Calls for more special school places in Suffolk as some families travel up to FIVE HOURS to access education
- Credit: Archant
The leading voice for parents and carers in Suffolk has called for more special school places after it was revealed less than one in five families feel their child has the opportunity to achieve their best.
Joanna Hammond, co-chairman of Suffolk Parent and Carer Network, said an increased number of places is necessary to relieve pressure on parents relying on transport networks.
In a survey held by the group last year, 415 families responded with only 18% saying they felt their child was able to fulfil their potential.
Mrs Hammond said that some families had to drive up to five hours to school due to a lack of available places nearby.
“We know there are families being turned away and having to go out of county,” she said. “More and more have started home education – some are being almost forced. Some feel it’s the only option left.
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“We have some go miles and miles and miles away. Some are four or five hour drive away, we have some families travel over an hour away in a taxi just to try and access the right provision. It’s not huge numbers but it’s happening too often.
“We really need schools to get on board. They can do an awful lot more. We hear it all the time [from schools] – ‘we cannot meet the needs of your child, try down the road’. There’s an awful lot of work to try and improve that situation.”
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It comes as a Suffolk County Council report published this week painted a stark picture of the situation, with a projected rise of 18% more youngsters needing SEN care in the next two years.
In response to the report, a Department for Education (DfE) spokeswoman said: “We want to make sure every child with special educational needs gets the support that they rightly deserve, which is why the department is giving Suffolk over £1.7m over three years to improve facilities and increase places for SEN pupils.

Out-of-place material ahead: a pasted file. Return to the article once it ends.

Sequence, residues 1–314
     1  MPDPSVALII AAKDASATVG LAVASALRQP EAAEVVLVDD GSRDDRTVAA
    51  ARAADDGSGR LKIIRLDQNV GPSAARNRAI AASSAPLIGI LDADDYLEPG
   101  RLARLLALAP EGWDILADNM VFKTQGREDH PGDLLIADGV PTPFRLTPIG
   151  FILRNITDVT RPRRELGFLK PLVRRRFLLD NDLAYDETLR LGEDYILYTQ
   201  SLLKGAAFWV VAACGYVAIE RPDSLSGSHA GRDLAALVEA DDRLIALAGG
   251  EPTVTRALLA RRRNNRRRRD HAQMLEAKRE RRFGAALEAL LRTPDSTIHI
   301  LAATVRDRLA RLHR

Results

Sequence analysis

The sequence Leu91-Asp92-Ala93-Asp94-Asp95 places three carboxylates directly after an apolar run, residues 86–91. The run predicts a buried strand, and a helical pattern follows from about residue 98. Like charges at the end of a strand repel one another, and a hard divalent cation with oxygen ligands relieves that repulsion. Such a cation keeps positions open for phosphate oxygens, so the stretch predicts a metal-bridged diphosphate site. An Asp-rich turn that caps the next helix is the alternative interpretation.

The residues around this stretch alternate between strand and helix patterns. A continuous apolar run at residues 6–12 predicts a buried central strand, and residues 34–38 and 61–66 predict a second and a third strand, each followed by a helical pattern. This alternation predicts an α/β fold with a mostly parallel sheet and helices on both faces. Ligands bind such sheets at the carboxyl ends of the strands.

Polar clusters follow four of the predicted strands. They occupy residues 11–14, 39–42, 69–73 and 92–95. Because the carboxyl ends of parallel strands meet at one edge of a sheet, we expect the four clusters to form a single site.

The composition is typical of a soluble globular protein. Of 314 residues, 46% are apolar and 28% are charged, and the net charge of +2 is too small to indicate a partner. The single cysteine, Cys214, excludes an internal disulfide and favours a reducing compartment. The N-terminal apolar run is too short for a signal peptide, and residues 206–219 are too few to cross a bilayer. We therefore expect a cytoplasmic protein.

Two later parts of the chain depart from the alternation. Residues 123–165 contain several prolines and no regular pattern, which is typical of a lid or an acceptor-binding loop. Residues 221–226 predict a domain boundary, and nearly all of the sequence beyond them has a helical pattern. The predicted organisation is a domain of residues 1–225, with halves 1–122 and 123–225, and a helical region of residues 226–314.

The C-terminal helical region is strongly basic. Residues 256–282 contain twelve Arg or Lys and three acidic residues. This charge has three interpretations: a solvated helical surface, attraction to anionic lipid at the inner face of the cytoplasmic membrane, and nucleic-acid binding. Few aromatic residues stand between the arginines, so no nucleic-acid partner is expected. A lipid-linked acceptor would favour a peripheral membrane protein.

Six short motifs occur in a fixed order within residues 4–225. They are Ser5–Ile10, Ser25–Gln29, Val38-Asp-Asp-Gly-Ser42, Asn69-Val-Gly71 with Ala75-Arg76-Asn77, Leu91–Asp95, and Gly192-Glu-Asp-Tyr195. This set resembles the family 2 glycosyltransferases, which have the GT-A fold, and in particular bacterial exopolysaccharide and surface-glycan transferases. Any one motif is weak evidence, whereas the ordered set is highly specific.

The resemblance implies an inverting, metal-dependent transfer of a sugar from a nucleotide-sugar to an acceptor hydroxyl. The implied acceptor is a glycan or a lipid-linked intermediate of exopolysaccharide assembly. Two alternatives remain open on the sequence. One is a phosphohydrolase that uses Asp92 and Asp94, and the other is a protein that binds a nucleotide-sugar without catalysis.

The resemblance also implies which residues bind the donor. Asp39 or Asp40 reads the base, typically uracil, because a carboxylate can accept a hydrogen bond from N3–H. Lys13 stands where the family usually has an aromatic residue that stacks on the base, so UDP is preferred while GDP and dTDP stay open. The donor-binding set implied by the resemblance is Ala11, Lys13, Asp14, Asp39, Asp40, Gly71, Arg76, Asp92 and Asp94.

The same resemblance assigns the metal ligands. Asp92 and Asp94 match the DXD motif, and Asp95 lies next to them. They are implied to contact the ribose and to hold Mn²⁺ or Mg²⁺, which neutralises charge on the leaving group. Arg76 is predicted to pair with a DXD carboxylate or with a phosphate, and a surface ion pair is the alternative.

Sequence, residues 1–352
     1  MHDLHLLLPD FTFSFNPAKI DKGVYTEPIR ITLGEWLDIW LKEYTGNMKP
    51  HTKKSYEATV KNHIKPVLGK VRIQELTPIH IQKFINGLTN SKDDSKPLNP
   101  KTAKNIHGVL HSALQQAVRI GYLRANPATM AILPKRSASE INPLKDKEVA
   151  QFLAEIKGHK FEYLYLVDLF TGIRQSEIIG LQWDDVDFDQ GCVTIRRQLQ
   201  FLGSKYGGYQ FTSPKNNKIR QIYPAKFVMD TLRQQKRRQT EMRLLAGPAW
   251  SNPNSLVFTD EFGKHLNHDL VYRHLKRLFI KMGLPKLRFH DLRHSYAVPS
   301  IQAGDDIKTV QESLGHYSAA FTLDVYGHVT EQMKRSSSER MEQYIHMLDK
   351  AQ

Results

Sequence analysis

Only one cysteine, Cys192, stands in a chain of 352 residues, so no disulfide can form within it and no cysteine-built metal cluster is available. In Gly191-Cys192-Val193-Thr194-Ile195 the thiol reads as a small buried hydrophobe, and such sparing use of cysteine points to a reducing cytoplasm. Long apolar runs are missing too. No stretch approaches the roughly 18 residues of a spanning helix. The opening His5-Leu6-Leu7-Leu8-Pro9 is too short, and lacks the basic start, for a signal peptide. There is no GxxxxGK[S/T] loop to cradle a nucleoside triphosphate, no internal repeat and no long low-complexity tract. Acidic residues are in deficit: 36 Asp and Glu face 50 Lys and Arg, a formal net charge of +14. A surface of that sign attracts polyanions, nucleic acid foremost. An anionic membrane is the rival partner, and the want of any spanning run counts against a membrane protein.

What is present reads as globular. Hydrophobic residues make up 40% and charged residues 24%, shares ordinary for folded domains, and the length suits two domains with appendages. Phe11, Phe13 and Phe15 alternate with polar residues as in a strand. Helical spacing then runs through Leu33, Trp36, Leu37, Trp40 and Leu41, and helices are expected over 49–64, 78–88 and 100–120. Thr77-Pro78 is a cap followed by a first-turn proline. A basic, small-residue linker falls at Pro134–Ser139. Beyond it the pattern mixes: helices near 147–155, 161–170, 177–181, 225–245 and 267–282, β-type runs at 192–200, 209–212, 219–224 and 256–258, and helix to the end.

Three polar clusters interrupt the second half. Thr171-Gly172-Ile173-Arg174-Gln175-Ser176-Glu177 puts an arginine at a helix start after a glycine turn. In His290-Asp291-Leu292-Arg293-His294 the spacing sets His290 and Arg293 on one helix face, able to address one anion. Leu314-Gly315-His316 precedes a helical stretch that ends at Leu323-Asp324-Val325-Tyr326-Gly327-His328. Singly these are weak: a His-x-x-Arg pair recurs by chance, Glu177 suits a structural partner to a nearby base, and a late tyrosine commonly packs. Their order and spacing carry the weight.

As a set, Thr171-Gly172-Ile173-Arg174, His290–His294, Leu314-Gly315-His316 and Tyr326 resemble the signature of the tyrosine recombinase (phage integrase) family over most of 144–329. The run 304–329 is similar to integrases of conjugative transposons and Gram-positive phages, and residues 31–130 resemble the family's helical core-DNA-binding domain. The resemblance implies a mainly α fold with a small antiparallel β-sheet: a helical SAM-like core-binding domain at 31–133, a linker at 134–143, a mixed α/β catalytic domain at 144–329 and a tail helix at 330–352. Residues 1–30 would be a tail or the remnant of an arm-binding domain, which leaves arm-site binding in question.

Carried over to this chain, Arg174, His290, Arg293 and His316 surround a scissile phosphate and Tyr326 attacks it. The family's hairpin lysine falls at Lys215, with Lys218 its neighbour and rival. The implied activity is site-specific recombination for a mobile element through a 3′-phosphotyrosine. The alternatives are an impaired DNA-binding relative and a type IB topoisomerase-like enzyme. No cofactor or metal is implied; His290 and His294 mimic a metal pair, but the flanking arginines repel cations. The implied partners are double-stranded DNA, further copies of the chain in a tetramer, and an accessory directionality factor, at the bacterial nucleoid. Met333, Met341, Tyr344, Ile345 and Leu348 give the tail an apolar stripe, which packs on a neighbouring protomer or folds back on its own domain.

“We are investing a record £6bn in the high needs budget this year – nearly £60m in this region – and require schools to ensure they have the right support in place, including dedicated SEN co-ordinators in every school.”
Last year, Suffolk received approval to seek a sponsor for a 60-place special free school to be set-up in east Ipswich on the former Holywells High School site in Lindbergh Road, next to Inspire Suffolk. The school will cater for those aged between eight and 16 with social, emotional and mental health needs.
Last year, Suffolk received approval to seek a sponsor for a 60-place special free schoolto be set-up in east Ipswich on the former Holywells High School site in Lindbergh Road, next to Inspire Suffolk. The school will cater for those aged between eight and 16 with social, emotional and mental health needs.
To voice your concerns about provision for special needs children in Suffolk, or share your own experiences, go to: the Suffolk Parent and Carer website at https://spcn.org.uk/.